A third party guarantee can also reduce preference exposure. Under the “earmarking” doctrine, a codebtor/guarantor’s payment of the principal debtor’s antecedent debt is not an avoidable preference so long as there is no diminution of the debtor’s estate because the payment is not a transfer of the principal debtor’s property. See, e.g., Manchester v. First Bank & Tr. Co. (In re Moses), 256 B.R. 641, 645-51 (B.A.P. 10th Cir. 2000) (discussing earmarking doctrine with reference to in- and out-of-circuit cases). However, earmarking generally will not apply where an unsecured debt is replaced by a secured debt. Id. at 651 (citations omitted). Similarly, where the debtor pays a debt that a third party has guaranteed and the debtor has no recourse to the guarantor for reimbursement, the guarantee may not shield the payment from preference exposure. Cf., e.g., Buchwald Capital Advisors LLC v. Metl-Span I., Ltd. (In re Pameco Corp.), 356 B.R. 327, 336 (Bankr. S.D.N.Y. 2006) (“[A] prepetition transfer to a creditor that is fully secured by property of a third party in which the debtor holds no interest is subject to avoidance and does not come within the § 547(b) (5) exception.”). Thus, a creditor seeking preference insulation via a guarantee should be mindful of the guarantee’s structure and, to the extent reasonably practicable, how that structure would be viewed under the precedents applicable in the venue(s) where the debtor can reasonably be expected to file for bankruptcy protection.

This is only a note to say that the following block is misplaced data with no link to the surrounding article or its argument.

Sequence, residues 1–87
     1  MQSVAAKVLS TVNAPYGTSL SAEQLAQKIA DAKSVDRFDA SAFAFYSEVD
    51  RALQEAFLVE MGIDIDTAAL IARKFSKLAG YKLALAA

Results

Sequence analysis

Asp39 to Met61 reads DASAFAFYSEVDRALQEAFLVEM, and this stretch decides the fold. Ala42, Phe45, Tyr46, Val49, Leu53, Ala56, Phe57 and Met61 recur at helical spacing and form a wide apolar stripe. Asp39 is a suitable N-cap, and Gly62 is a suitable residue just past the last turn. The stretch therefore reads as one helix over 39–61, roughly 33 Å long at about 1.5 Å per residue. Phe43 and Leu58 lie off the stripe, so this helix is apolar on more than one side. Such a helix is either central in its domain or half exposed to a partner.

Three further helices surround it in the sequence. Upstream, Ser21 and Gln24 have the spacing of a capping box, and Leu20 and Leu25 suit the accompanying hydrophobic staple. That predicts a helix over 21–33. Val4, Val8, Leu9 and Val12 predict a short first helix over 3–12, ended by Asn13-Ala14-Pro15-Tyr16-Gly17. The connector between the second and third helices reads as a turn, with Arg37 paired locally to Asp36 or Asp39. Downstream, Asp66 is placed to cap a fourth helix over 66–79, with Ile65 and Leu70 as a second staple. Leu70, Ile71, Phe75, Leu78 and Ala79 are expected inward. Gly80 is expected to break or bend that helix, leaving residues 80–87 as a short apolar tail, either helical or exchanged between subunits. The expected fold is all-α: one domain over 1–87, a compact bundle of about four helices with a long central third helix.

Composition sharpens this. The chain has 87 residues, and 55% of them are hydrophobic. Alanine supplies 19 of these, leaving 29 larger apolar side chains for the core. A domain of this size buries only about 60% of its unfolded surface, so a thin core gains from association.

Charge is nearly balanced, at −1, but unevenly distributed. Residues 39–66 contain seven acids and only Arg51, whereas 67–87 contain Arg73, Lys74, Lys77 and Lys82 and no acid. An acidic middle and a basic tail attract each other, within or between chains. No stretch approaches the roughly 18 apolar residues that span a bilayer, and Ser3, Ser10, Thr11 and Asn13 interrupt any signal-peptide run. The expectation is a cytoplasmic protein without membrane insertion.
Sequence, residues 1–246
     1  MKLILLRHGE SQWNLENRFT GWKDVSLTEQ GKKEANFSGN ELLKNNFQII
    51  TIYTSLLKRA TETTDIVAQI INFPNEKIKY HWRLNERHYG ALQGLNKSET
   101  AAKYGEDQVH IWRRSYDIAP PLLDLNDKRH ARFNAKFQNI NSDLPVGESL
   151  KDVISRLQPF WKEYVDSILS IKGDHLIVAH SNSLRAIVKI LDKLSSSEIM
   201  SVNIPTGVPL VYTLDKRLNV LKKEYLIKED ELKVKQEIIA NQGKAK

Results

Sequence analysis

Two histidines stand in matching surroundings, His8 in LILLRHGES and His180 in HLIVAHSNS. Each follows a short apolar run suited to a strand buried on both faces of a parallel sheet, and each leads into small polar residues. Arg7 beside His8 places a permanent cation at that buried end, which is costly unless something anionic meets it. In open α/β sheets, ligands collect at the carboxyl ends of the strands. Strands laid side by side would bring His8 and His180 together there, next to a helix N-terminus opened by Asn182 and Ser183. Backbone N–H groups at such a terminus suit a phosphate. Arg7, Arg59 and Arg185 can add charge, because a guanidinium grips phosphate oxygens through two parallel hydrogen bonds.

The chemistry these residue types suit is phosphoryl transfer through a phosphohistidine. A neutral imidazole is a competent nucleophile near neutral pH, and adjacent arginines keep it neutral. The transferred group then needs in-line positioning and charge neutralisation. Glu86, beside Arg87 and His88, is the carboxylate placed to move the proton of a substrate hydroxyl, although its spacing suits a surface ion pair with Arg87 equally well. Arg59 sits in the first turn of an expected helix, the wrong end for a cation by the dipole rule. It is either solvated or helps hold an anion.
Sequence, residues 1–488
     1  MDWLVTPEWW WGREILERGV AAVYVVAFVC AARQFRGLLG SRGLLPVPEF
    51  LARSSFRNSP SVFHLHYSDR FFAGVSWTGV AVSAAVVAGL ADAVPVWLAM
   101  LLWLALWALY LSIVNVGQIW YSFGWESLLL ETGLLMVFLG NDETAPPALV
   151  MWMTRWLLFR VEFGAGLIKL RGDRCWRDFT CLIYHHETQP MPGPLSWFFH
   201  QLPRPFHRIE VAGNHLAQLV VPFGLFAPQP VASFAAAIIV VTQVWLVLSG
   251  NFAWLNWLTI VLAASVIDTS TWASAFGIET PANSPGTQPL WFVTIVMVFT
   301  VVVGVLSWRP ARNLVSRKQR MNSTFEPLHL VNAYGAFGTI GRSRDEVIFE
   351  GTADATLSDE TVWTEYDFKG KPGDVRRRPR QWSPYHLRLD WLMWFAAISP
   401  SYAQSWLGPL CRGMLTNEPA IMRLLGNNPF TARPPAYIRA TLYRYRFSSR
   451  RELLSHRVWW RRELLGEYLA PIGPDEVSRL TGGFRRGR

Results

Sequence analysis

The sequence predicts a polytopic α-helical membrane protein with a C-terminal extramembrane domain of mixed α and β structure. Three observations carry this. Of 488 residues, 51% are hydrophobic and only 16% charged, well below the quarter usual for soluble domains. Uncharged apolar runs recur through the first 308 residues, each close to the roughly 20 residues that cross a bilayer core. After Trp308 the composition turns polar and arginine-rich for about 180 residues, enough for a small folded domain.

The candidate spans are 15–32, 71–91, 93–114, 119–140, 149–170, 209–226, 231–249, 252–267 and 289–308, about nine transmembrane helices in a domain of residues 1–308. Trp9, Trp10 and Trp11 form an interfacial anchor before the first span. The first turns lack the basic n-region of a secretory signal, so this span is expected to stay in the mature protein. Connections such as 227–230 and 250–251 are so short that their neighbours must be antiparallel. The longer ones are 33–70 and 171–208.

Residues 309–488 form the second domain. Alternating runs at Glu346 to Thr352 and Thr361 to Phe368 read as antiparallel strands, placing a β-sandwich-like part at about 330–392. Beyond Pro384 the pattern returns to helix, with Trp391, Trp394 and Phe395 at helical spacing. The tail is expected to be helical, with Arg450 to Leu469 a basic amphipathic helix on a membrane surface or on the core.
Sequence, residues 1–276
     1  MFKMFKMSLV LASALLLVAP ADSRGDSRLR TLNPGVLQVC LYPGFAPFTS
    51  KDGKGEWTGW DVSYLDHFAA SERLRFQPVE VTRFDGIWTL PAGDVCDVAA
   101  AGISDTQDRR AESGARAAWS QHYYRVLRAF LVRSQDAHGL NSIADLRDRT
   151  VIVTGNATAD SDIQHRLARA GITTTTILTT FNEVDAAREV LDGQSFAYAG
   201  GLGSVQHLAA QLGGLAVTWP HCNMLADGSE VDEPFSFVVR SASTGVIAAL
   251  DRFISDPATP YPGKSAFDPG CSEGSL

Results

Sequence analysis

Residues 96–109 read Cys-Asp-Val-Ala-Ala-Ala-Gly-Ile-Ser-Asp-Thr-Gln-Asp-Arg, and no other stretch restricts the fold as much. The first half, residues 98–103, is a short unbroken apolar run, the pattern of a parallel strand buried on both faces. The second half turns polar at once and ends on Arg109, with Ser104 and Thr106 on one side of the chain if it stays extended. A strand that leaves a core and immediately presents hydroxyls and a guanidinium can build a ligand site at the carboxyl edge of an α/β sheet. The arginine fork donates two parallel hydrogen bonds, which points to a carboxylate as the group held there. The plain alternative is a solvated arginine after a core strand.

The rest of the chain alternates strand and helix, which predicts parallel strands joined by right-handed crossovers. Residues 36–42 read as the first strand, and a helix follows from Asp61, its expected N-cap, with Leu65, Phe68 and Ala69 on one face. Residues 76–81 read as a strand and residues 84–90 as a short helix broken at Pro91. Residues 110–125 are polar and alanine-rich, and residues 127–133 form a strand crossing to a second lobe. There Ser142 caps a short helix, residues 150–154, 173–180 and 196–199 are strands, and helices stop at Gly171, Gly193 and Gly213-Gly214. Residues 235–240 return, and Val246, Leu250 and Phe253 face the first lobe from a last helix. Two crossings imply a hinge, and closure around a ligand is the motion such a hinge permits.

(c.) Consider Using Section 546’s “Safe Harbors.”